Increase in Anemia
There was a noted increase in patients with anemia, which is a disease where your blood doesn’t create enough red blood cells. The effects of this lasted as long as ten years in some individuals.
Increase in Cataracts
Cataracts are when the lens of the eye becomes foggy. This can take several years to develop, and was first found to be an issue three years after the bombs were dropped. Age and distance to the bomb played a big factor in those who developed cataracts. In the mid-1950s, at the Hiroshima Red Cross Hospital, there were 435 survivors screened, and 116 had developed cataracts. Of that 116, 87 were within two kilometers of the bomb blast. Cataracts in patients were caused by high radiation levels.
In 1946, keloids began to develop. This is where a scar is healing and essentially heals too much, causing it to swell, and can result in abnormal growth. It is believed this is caused by radiation. The scar tissue that would grow would end up looking similar to a crab, which is where the growth gets its name from. Keloid is Ancient Greek for crab. Those who were within one kilometer of the blast were 60 percent more likely to develop the keloids on their burn wounds.
There were only a handful of surveys of this, but one completed in Nagasaki showed a high rate of infant and neonatal deaths. The survey looked at 98 pregnant women who were exposed within 2 kilometers of the blast, as well as 113 women who had been exposed further away from where the bomb was dropped. The survey also noted that one in four babies born by survivors that were surveyed had cognitive disabilities. These children suffered in physical growth and development as well. Some of the children grew to be underweight and were born with microcephaly – a condition in which the head is smaller than it should be. Microcephaly can’t be cured, but it can be treated. Of total babies born, the number of birth defects was not unusual.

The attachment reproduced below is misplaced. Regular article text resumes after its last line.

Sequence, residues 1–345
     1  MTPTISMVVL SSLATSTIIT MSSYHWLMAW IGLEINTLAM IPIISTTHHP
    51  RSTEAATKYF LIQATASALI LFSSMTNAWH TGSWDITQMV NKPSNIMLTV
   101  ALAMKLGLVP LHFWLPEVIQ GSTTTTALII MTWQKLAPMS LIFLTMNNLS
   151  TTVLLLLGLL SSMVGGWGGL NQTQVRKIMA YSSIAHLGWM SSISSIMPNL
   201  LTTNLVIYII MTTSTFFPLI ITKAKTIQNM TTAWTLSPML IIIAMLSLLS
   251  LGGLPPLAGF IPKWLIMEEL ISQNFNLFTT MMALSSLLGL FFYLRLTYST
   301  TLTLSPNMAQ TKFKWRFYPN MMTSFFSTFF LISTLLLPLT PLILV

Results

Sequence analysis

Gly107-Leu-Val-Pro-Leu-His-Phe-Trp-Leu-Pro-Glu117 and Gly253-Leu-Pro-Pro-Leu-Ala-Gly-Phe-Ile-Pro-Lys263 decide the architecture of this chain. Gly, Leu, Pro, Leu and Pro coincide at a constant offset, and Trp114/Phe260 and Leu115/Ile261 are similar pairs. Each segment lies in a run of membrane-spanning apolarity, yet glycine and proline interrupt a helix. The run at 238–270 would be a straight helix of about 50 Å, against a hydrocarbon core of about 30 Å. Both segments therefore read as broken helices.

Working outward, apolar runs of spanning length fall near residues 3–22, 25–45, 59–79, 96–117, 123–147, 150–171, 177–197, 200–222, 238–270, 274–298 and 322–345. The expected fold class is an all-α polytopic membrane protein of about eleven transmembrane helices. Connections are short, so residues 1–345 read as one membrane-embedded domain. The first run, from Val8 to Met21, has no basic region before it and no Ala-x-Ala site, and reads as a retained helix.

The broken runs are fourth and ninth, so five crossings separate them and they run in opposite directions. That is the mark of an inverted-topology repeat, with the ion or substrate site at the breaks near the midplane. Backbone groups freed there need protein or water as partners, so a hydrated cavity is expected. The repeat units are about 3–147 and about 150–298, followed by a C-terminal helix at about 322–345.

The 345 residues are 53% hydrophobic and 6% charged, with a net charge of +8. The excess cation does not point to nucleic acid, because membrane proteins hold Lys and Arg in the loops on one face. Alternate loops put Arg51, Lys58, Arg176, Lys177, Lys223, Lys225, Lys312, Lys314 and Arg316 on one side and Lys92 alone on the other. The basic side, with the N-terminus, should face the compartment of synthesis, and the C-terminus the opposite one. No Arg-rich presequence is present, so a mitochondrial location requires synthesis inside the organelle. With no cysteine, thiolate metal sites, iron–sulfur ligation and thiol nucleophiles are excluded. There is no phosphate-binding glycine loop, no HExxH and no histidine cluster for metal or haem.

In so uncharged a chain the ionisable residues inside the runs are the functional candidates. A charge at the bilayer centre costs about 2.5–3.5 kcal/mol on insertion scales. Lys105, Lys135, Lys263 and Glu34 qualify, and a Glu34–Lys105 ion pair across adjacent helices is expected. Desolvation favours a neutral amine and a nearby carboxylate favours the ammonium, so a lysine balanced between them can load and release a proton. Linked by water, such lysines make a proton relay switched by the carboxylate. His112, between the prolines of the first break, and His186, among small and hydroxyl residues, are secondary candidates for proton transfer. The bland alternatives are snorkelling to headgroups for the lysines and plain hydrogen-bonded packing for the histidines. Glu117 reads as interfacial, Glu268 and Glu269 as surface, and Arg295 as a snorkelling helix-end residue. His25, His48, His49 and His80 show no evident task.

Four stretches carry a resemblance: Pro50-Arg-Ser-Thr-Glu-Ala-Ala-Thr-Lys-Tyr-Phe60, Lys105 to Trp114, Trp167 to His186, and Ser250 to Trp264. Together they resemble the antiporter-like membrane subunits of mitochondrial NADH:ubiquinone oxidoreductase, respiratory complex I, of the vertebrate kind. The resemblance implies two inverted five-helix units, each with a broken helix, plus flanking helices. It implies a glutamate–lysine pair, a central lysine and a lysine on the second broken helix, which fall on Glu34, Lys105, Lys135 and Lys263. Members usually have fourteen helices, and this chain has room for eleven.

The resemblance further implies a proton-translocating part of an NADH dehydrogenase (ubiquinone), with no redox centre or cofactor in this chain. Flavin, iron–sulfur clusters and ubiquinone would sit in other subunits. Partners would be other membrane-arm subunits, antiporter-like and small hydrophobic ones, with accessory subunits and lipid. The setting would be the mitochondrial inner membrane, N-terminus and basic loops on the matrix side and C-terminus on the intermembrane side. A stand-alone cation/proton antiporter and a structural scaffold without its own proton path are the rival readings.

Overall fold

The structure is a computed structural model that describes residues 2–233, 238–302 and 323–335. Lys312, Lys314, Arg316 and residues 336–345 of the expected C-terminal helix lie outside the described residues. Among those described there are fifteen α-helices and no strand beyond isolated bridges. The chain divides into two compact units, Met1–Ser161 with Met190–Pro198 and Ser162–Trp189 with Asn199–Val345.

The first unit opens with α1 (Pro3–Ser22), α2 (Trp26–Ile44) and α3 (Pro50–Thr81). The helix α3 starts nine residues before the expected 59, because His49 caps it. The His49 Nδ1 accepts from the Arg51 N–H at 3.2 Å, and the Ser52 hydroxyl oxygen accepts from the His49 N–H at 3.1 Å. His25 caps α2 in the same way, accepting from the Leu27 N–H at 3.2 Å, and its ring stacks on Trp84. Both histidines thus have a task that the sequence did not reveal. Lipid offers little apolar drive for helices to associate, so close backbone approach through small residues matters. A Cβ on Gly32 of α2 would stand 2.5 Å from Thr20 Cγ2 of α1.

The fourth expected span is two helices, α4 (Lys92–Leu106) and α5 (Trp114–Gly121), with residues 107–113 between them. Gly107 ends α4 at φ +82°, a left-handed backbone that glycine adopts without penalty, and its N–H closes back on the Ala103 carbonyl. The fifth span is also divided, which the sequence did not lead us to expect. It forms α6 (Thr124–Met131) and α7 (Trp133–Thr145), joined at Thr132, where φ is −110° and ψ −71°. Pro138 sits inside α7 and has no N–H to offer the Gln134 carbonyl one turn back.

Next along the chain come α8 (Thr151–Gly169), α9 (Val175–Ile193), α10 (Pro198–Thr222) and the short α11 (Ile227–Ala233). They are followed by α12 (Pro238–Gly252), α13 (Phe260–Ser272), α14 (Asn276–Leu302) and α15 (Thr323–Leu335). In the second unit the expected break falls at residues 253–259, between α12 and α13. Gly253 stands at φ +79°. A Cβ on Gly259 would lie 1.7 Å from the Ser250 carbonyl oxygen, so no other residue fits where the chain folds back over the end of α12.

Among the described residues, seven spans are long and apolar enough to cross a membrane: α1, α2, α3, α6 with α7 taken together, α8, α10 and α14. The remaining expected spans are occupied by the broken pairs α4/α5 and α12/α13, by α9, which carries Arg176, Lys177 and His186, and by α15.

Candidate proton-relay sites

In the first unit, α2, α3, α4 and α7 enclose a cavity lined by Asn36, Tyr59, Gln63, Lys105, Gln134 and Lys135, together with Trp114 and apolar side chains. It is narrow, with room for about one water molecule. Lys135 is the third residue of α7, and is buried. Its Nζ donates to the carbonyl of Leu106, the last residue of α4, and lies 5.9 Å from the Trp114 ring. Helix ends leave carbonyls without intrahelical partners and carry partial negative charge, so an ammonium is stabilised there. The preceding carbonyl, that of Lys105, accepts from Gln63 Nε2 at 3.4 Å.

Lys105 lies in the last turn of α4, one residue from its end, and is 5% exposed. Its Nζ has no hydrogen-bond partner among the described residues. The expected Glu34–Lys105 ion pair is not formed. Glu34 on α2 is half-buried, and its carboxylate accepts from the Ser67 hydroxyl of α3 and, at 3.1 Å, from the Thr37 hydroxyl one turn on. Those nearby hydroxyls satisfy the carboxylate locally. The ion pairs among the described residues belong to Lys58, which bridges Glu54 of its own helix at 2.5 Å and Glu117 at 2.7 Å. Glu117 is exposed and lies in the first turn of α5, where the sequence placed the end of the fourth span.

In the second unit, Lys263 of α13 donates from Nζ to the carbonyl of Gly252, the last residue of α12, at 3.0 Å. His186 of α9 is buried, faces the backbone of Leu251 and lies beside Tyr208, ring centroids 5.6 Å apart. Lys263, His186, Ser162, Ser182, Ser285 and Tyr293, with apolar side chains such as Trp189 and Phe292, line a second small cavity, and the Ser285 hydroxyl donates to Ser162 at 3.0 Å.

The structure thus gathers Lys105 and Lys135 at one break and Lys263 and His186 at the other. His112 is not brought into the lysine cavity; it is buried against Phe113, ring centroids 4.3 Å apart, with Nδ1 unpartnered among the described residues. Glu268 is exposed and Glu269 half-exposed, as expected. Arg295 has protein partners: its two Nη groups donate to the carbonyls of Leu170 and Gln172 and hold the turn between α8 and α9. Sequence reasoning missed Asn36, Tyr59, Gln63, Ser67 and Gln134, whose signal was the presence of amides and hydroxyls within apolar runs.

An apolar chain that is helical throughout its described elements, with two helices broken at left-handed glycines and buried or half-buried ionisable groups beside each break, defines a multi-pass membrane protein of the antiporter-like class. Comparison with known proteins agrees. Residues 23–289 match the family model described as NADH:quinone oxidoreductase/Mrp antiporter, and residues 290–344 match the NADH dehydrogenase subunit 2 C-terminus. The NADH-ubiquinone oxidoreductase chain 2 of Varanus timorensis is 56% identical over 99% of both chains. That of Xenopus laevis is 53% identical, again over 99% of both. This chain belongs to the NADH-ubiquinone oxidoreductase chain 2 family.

Effects on The Environment
When the bombs were dropped, everything was decimated. Everyone was worried the cities would become nuclear waste fields, where nothing could grow and there would be too much radiation for it to be safe to live. In 1946, there was some hope. The oleander flower began to grow, and the cities began to rebuild with help from Japan. Over time, the radiation levels have dropped, and today are considered safe.
The cities have long since been rebuilt and are thriving. As of 2010, Hiroshima had a population of 1.2 million. While Nagasaki had a population in 2009 of 446,000. The rebuilding of Nagasaki was slow. The first emergency temporary homes were not completed until 1946.
One man not only survived the blast in Hiroshima, he also survived the blast in Nagasaki as well. Tsutomu Yamaguchi was employed by Mitsubishi Heavy Industries and was a resident of Nagasaki. On August 6th, 1945, he was sent to Hiroshima to business.
Yamaguchi survived the blast and went home to Nagasaki the next day with wounds. He returned to work in Nagasaki on August 9th, 1945. That morning he said that he was telling his supervisor of a bomb that destroyed the whole town, the supervisor couldn’t believe him. Yamaguchi claims that at the end of this conversation, the A-bomb was detonated over Nagasaki. Yamaguchi was recognized by Japan for surviving in both cities where atomic bombs were dropped, he died of stomach cancer in 2010 at the age of 93.
The long-term effects of the bombings were felt through the landscape, the environment, and the people. Today, radiation levels are considered low and safe. While the towns have been rebuilt, you can still find some traces of the horror from the bombs in August of 1945.